What Increasing Drone Numbers Mean to Airports

In case you missed the news story last week, someone apparently flew a drone over the top of a Frontier Airlines Airbus that was on final approach to Las Vegas McCarren International Airport.

As you’ve heard us say here many times, flying drones near an airport is problem enough, but flying one in close proximity to an airplane is simply foolish and dangerous. While the culprit hasn’t yet been caught, the feds are close on their heels.

What this incident does highlight though, is that the chances of a collision between a drone and an airplane are rising, if for no other reason, that the number of drones registered to date with the FAA recently soared above the 1,000,000 mark. This number only includes people who bothered to register their drones, something that was not always required.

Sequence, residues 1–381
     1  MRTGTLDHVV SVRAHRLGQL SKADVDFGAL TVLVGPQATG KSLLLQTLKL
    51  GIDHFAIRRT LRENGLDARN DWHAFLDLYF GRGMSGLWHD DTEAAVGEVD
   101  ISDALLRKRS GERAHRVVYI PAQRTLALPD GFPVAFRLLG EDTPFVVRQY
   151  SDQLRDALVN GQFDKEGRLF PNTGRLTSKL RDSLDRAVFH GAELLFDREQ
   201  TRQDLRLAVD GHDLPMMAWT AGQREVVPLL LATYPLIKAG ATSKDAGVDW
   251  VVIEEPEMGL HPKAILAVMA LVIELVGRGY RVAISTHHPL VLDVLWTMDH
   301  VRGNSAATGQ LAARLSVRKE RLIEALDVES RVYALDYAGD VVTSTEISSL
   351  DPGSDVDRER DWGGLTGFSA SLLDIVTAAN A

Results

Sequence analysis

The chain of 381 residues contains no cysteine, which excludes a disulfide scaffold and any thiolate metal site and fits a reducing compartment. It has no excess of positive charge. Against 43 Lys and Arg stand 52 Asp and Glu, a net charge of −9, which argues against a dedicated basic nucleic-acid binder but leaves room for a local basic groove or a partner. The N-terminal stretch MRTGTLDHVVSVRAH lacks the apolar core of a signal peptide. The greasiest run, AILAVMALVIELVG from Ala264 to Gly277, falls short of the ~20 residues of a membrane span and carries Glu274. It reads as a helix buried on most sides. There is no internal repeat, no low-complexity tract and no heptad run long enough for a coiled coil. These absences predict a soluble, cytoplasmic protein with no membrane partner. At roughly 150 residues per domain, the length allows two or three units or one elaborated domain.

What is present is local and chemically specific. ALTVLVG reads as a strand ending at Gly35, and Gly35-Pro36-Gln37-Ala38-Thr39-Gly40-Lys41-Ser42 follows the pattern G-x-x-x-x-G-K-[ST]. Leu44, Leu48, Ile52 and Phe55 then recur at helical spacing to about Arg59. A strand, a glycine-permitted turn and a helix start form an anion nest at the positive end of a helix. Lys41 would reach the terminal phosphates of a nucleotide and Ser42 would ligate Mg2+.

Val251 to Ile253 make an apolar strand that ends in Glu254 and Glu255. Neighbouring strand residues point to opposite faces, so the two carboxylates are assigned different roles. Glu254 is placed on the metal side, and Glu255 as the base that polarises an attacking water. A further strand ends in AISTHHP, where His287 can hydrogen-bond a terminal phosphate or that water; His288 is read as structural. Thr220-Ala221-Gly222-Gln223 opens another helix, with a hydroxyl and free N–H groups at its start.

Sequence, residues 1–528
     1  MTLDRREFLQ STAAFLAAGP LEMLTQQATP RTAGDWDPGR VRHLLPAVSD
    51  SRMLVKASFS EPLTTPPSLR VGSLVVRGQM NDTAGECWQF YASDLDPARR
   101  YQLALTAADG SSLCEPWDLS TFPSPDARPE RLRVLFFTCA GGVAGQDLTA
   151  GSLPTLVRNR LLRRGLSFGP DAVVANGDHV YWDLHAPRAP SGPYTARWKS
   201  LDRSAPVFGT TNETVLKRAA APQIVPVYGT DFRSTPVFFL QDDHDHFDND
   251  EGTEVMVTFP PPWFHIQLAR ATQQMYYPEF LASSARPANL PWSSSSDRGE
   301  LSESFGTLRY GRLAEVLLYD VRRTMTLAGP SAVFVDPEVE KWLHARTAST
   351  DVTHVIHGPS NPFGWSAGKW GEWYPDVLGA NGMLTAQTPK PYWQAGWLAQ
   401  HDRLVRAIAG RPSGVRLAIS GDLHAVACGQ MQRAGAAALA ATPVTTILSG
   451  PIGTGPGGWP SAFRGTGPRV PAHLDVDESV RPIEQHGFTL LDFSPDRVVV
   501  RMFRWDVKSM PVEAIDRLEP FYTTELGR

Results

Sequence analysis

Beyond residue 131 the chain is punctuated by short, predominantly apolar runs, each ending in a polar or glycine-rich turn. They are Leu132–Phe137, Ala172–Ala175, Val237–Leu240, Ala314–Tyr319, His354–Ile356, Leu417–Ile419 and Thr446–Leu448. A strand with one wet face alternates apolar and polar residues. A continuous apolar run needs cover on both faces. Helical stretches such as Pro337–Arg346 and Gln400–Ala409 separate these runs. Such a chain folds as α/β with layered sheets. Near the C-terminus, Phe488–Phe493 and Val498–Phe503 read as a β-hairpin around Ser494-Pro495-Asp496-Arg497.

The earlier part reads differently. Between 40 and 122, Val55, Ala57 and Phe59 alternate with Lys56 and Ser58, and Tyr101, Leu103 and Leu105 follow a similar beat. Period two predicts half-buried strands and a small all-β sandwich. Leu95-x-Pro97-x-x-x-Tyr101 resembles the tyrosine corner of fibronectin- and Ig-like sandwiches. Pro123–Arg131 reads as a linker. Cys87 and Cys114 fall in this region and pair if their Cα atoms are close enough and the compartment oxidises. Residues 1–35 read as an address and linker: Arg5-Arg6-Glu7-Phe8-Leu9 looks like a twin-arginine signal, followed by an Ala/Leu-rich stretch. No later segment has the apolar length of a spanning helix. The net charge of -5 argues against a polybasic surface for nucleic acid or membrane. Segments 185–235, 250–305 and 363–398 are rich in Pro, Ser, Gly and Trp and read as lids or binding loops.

So if you own a drone, or you’re even thinking about buying and using one, please think about our airport before you fly. If you’re simply using your drone for fun, you probably don’t need a license. But that doesn’t mean you can fly it anywhere you choose.

Ed takes down another drone

A drone is a flying vehicle, certainly smaller than most airplanes, but a flying machine none the less. That means the pilot needs to use a little common sense and realize there are other people nearby who might be injured if a pilot operates their drone recklessly. If they do and they’re caught be the FAA, the penalties could be severe, especially if we need to send our eagle Ed out after a drone.

But more than simply worrying about avoiding penalties, let’s avoid flying a drone over groups of people, or at night or anywhere near an airport. Take a look at this short safety video we created for a quick look at the issues any drone pilot should be thinking about and why.

Have a question about how or where to operate your drone? Join the dozens of other pilot who called before they flew just to be sure they wouldn’t get in anyone’s way. Our drone and airport noise hotline is 847-537-2580, X117. Send your drone operational questions to us at drones@chiexec.com and we’ll do our best to answer as quickly as possible.

Thanks and fly safely.

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